Habitat: Sock Monsters absolutely HATE water and much prefer dry climates. In fact, they have a considerable fear of rain as a thoroughly wetted Snaggle can be rendered immobile. Snaggles are often found lurking in fabric stores and laundry rooms.
Social attributes: Sock monsters appear to be loners. In the wild, they are often spotted following moths, presumably hoping to be led to food. They rarely form groups (known as a Pack or Bundle). Such gatherings or clusterings are usually weather dependent and are usually only observed after a strong wind.
Reproduction: Upon reaching full size (approximately 2 feet diameter in northern climates) Snaggles appear to asexually reproduce by releasing Lintspores (the act of which is quite lovely and smells like a Mountain Breeze).
Alignment: Despite Monsterologist propaganda stating that Sock Monsters are chaotic, evil beasts with only adverse intentions, my observations suggest that Snaggles are truly neutral creatures. They naturally follow all winds and appear to lack any capacity for moral judgement.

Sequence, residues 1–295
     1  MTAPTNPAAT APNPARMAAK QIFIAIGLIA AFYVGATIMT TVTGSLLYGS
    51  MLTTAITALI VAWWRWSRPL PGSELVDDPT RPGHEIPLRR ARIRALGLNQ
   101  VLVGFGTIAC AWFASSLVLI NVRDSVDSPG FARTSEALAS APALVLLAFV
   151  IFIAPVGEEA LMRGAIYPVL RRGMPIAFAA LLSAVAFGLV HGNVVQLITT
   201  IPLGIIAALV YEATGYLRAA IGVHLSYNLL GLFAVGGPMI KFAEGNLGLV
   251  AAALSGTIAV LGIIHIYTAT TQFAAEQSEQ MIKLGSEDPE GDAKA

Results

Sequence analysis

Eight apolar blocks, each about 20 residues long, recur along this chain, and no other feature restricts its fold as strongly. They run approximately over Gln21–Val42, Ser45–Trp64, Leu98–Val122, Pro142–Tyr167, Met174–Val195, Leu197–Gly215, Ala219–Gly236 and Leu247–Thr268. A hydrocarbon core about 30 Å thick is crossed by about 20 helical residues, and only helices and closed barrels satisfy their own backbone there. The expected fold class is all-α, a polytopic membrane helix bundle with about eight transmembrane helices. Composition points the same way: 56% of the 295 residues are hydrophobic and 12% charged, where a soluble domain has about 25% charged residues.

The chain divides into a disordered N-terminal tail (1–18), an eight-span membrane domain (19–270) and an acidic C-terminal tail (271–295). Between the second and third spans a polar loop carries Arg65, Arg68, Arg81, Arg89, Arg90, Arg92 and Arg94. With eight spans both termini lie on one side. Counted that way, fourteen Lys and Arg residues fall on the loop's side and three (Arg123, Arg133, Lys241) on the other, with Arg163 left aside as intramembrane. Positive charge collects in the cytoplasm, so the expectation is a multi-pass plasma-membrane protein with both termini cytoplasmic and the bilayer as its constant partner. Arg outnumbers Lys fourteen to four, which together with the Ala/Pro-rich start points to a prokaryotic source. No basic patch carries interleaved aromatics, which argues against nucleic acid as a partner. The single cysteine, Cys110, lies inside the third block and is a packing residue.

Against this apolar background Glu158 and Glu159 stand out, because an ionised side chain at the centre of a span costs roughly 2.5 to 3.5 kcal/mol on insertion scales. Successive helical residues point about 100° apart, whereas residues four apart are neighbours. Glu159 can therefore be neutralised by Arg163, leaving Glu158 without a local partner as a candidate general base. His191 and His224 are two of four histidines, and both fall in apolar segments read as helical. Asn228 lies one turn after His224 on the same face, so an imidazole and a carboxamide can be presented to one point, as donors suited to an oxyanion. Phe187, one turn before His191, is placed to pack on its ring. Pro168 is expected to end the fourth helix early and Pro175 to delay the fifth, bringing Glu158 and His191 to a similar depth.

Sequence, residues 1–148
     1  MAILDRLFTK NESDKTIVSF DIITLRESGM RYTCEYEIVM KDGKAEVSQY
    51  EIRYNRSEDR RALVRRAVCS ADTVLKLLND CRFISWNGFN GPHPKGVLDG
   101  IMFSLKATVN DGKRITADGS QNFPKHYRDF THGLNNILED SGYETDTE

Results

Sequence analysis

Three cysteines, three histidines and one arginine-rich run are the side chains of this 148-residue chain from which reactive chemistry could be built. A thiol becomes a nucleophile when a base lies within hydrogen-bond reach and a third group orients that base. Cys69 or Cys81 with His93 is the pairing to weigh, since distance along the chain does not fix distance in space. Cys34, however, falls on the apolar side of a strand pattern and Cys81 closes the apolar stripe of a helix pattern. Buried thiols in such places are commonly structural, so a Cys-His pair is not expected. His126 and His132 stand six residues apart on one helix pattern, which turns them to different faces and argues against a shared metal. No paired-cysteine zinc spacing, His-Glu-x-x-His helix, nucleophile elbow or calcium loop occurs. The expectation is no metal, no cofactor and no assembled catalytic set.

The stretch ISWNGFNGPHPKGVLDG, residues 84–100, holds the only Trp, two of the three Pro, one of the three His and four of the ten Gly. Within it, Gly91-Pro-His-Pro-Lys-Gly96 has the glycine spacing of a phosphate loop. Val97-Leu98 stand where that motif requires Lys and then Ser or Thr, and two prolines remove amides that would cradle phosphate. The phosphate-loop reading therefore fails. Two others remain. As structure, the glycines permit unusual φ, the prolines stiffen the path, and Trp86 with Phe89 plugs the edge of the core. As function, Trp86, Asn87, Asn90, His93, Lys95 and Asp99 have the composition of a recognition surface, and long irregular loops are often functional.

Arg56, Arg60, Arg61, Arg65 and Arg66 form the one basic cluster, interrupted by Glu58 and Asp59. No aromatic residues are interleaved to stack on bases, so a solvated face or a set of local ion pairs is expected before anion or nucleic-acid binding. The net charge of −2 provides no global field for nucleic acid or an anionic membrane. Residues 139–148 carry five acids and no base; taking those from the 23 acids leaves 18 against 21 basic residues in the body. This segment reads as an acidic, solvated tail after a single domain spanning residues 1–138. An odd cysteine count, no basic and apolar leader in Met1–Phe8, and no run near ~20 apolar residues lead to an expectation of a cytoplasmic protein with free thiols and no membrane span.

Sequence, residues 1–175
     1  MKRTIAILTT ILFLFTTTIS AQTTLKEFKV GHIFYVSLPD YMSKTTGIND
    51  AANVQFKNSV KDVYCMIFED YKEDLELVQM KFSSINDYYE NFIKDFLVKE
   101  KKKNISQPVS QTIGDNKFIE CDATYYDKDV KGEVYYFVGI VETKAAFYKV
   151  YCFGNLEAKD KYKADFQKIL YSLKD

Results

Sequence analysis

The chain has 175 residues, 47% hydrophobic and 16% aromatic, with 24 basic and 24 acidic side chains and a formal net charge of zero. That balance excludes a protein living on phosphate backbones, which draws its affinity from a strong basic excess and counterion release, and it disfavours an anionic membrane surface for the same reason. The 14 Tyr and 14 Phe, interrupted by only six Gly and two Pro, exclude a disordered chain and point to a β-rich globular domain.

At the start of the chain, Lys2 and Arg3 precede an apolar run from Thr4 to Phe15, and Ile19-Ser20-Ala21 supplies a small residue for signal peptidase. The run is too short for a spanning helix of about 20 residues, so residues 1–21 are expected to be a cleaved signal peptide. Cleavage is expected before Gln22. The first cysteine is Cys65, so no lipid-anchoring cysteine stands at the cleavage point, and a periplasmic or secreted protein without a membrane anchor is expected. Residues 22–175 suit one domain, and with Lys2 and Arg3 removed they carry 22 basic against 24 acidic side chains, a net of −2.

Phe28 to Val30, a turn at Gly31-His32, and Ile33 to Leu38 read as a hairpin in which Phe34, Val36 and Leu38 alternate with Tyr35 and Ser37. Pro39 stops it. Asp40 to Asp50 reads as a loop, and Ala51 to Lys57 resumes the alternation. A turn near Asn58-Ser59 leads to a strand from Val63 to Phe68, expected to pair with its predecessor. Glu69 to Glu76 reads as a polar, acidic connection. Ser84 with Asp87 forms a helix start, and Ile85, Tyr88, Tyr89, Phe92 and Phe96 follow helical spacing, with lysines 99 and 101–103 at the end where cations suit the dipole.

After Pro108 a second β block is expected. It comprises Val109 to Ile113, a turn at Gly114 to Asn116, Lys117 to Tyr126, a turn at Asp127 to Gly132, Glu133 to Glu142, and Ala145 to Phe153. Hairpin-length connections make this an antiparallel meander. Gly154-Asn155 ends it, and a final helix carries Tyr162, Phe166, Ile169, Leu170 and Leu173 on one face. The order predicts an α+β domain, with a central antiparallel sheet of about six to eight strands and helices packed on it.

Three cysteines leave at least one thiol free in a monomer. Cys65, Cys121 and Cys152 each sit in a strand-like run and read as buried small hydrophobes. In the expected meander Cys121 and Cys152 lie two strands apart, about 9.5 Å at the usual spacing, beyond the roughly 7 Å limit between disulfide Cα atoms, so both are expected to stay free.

Economic: There are plenty of rumors regarding the promotion and mass distribution of Sock Monsters by Big Sock Business in efforts to increase sock demand. Conversely, Spy Scouts are currently investigating rumors that the Chinese have employed a water-based Sock Monster Defense System run by Monsterologist Contractors in the town of Datang (which produces 8 billion pairs of socks every year).February 12, 2018 at 3:28 pm #35354
The story of our unlikely heroine starts much like any other but ladies and those with weak constitutions beware…. the story delves deep into the realm of Otherwere that few Nodds should dare to see. Now consider yourself forewarn.
Born Marguertie Hazelwood in 1873 to two kindly souls and devout members of the Religious Society of Friends (now known as the Quakers). Theirs was a quiet and spiritual life in Pennslyvania. Nothing pleased the pair more than their quiet bookish daughter, although her preference for the shortening of her name to “Rita” was a bit of a thorn in their sides.
Rita much preferred reading under the shade of the beautiful flowering dogwood on her parents property in Bryn Mawr, Pennsylvania than any of the lessons on scripture or household economics her charitable mother forced upon her. As she matured so did her taste in literature moving from the popular fiction of Jane Austen and Charlotte Bronte to the darker works of Mary Wollstonecraft Shelley and Oscar Wilde. It was one of his books, the Picture of Dorian Gray, that would seemingly set the tone for the life that young Rita would pursue.